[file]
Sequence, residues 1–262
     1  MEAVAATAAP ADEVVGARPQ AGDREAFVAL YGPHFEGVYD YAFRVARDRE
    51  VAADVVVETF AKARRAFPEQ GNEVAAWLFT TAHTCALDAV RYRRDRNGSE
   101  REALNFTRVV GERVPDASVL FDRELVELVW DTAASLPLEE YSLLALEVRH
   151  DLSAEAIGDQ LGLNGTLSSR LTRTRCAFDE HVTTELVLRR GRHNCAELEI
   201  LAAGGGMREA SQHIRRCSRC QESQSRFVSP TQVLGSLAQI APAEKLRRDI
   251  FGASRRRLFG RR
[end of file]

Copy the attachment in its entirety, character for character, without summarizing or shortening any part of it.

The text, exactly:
Sequence, residues 1–262
     1  MEAVAATAAP ADEVVGARPQ AGDREAFVAL YGPHFEGVYD YAFRVARDRE
    51  VAADVVVETF AKARRAFPEQ GNEVAAWLFT TAHTCALDAV RYRRDRNGSE
   101  REALNFTRVV GERVPDASVL FDRELVELVW DTAASLPLEE YSLLALEVRH
   151  DLSAEAIGDQ LGLNGTLSSR LTRTRCAFDE HVTTELVLRR GRHNCAELEI
   201  LAAGGGMREA SQHIRRCSRC QESQSRFVSP TQVLGSLAQI APAEKLRRDI
   251  FGASRRRLFG RR